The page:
Managing wild oat resistance with diversity
By Bruce Barker
Short-term perennial crop reduces occurrence to near zero.
By Bruce Barker
In a journal article, retired Agriculture and Agri-Food Canada (AAFC) weed scientist Neil Harker in Lacombe, Alta., and colleague Hugh Beckie, formerly with AAFC in Saskatoon and now at the University of Western Australia, wrote a paper recommending their top 10 herbicide-resistant management practices. Their number one practice was crop diversity.
“What we did find interesting in grower surveys was that [regarding] growers specifically dealing with resistance, there were four practices that they do preferentially, more so than growers without resistance: crop rotation, herbicide site of action rotation, tank mixing, and a burndown,” Beckie said at the 2018 Herbicide Resistance Summit in Saskatoon.
While growers are implementing crop rotation as part of their management strategy, are their rotations diverse enough?
A research study that supported crop diversity as an herbicide resistance management tool was conducted at AAFC Scott Research Farm in Saskatchewan. The long-term study was established in 1995 and compared different crop rotations, some including forages, in high, reduced and organic systems. After 18 years, the plots were analyzed for wild oat density and the percentage of wild oats that had Group 1 (ACC-inhibitor) resistance.
Three different input types were compared. High-input systems used pesticides and fertilizers based on accepted agronomic recommendations. Reduced input systems used an integrated pest management and nutrient approach, supplemented by chemicals. The third system was an organic system based on non-chemical pest control and nutrient management. Crop rotations included diversified annual grain crops and diversified annual and perennial crops.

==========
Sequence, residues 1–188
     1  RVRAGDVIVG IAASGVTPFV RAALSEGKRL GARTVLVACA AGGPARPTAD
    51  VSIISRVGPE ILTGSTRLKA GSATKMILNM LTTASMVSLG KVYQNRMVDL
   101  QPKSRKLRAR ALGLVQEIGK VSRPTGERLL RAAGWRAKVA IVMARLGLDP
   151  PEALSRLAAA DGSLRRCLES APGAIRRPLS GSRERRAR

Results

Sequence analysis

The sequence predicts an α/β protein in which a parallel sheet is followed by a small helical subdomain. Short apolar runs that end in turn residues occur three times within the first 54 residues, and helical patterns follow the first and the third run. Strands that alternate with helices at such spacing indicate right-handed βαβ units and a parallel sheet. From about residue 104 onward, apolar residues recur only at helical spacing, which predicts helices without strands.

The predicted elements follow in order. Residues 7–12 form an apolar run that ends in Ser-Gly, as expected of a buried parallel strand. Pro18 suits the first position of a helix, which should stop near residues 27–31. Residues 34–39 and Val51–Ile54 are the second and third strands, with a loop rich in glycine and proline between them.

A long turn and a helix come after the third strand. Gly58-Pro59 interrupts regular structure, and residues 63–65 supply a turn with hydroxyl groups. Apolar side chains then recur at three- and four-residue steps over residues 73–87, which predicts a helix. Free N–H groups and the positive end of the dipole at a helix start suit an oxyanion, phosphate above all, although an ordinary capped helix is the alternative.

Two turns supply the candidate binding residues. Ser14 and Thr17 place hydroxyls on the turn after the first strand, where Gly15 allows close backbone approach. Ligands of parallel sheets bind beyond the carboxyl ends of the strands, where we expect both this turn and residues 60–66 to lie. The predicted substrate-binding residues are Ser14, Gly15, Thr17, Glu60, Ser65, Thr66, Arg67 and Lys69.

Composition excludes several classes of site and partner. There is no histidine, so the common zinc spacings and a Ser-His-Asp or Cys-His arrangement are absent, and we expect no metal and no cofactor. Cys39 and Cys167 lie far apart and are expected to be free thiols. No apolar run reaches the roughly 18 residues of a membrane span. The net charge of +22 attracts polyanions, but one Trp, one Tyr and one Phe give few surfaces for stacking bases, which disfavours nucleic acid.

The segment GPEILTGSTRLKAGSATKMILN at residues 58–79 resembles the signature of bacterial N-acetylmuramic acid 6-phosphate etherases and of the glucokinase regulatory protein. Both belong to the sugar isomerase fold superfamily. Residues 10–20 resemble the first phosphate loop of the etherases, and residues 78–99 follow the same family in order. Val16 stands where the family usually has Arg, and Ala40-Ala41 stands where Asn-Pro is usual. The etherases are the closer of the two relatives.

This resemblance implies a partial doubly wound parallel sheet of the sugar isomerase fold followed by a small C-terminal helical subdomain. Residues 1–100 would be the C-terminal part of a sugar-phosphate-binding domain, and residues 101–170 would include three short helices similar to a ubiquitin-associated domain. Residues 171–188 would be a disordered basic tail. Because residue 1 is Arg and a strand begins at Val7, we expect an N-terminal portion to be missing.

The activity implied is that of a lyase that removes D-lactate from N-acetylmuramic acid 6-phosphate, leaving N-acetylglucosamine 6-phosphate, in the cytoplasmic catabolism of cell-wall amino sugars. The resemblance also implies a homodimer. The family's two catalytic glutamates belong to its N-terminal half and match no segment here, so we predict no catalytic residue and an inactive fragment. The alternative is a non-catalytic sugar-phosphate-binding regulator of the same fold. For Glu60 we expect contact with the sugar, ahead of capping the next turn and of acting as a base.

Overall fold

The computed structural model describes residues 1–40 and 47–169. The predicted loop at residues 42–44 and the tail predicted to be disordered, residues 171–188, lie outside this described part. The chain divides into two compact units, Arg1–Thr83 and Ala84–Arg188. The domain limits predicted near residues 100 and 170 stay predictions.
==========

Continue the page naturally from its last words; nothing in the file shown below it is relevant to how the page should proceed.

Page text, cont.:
The first six-year crop sequence cycle was conducted from 1995 to 2000, the second cycle from 2001 to 2006, and the third cycle from 2007 to 2012.
Over the 18-year period covering the three rotation cycles, the number of applications of Group 1 herbicides ranged from zero (organic: ORG systems) to 10 (high input, diversified annual grains: HIGH-DAG system). The high selection pressure in diversified annual grain rotations resulted in high levels of Group 1 wild oat resistance. Reduced input diversified annual grain was at 60 per cent incidence and High Input Diversified Annual Grain had 42 per cent incidence of wild oat resistance to Group 1.
“Even with a diverse annual grain crop rotation, herbicide selection pressure was still high enough to have 40 to 60 per cent of the wild oat population resistant to Group 1 herbicides. It took including a perennial forage in the rotation to keep wild oat resistance at a level basically the same as organic systems,” says weed scientist Eric Johnson, formerly at AAFC Scott when the research was conducted, and now with the University of Saskatchewan.
Organic systems did not have any wild oat resistance, which was expected because of the lack of herbicide selection pressure.
The good news in the study was that when a crop rotation included three consecutive years of alfalfa, wild oat resistance was negligible despite having up to six applications of a Group 1 herbicide over the 18 years.
The lack of resistance in the RED-DAP system, and low level of resistance in the HIGH-DAP system (three per cent) reaffirms the importance of short-term forage crop stands in the rotation for resistance management.
“Crop diversity helps, but rotations need to be really diverse and include forages to keep resistance levels low,” Johnson says.
Unfortunately, the results show that annual cropping system diversity by itself is not enough to slow the evolution of ACC-inhibitor resistance in wild oat. Cropping diversity must also be linked with herbicide-mode-of-action diversity and herbicide-use reduction that can be achieved with perennial forages.